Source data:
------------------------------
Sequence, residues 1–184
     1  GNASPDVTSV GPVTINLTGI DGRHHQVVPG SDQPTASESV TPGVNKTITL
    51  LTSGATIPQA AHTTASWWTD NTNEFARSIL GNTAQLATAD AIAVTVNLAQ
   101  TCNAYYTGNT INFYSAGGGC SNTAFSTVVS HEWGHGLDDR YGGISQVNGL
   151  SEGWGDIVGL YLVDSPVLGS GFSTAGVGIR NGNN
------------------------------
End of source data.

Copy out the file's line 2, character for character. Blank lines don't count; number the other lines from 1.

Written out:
     1  GNASPDVTSV GPVTINLTGI DGRHHQVVPG SDQPTASESV TPGVNKTITL